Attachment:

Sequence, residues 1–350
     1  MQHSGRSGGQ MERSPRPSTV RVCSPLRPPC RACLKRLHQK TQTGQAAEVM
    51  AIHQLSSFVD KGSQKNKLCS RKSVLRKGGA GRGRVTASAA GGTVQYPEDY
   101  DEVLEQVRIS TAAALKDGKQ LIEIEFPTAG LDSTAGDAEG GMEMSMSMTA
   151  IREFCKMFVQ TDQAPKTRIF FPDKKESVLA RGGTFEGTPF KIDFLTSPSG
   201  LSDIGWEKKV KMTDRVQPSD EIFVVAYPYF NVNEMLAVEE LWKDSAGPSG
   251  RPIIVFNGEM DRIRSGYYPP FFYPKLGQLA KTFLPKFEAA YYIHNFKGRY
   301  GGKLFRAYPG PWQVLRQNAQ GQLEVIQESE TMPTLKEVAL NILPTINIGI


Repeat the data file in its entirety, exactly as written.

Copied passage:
Sequence, residues 1–350
     1  MQHSGRSGGQ MERSPRPSTV RVCSPLRPPC RACLKRLHQK TQTGQAAEVM
    51  AIHQLSSFVD KGSQKNKLCS RKSVLRKGGA GRGRVTASAA GGTVQYPEDY
   101  DEVLEQVRIS TAAALKDGKQ LIEIEFPTAG LDSTAGDAEG GMEMSMSMTA
   151  IREFCKMFVQ TDQAPKTRIF FPDKKESVLA RGGTFEGTPF KIDFLTSPSG
   201  LSDIGWEKKV KMTDRVQPSD EIFVVAYPYF NVNEMLAVEE LWKDSAGPSG
   251  RPIIVFNGEM DRIRSGYYPP FFYPKLGQLA KTFLPKFEAA YYIHNFKGRY
   301  GGKLFRAYPG PWQVLRQNAQ GQLEVIQESE TMPTLKEVAL NILPTINIGI